The Alberta Civil Liberties Research Centre is a Canadian non-governmental, non-profit organization affiliated with the University of Calgary which undertakes research on contemporary civil liberties and human rights issues that are of concern to Albertans. The projects are diverse - from proposals for reform of human rights legislation, to a report on citizen complaints about police conduct, to a manual for lawyers who represent mentally disabled clients. Staff and volunteers make presentations on a wide range of civil liberties and human rights topics.
The following organizations focus their efforts on the development and improvement of the law and public policy.
The Alberta Law Reform Institute is the official law reform agency for the province of Alberta. It provides independent comprehensive advice to the Government of Alberta and other agencies to ensure that the law and administration of justice are kept up to date and serve Albertans to the best extent possible.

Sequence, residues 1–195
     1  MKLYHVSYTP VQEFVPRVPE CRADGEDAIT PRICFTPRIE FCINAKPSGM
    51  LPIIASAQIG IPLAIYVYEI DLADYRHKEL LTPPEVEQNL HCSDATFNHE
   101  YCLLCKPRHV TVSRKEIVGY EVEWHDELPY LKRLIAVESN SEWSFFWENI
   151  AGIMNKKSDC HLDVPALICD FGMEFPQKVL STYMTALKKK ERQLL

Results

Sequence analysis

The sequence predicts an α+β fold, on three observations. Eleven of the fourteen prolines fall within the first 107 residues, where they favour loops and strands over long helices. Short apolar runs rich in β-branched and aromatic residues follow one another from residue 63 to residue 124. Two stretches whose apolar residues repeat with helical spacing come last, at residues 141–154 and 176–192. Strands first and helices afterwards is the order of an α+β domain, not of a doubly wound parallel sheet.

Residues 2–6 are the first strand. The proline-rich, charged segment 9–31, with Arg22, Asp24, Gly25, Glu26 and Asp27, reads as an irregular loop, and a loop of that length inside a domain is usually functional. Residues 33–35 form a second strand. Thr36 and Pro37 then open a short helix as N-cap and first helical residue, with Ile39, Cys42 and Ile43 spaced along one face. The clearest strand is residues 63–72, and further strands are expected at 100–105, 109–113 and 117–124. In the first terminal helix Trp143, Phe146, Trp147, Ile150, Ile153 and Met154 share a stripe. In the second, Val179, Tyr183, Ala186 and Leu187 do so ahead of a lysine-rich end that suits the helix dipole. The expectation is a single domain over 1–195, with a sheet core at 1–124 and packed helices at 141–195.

The British Columbia Law Institute was created in January 1997 by incorporation under the Provincial Society Act. The broad purposes of the Institute, described in Article 2 of its Constitution, are to: promote the clarification and simplification of the law and its adaptation to modern social needs, promote improvement of the administration of justice and respect for the rule of law, and promote and carry out scholarly legal research. The website of the British Columbia Law Institute provides access to an invaluable database of law reform materials from common law jurisdictions around the world.
As a project sponsored by the Women’s Legal Education and Action Fund (LEAF), Equality Rights Central (ERC) is a website to find cases, commentary, trends, news and facta about equality and discrimination issues, in law and policy. This site is for advocates, academics and practitioners involved in equality rights, to monitor and advance the development of equality law in Canada. The goal of the ERC is to stimulate discussion, and provide resources for work to advance equality rights and equality issues affecting any disadvantaged and marginalized group.
Now that the highly anticipated new copyright legislation has been introduced, more and more librarians are hearing from concerned library users that copyright laws must reflect the public interest. As the voice of the community of library users and professionals, CLA is committed to getting the crucial message to government that copyright issues do indeed strike a chord with Canadians.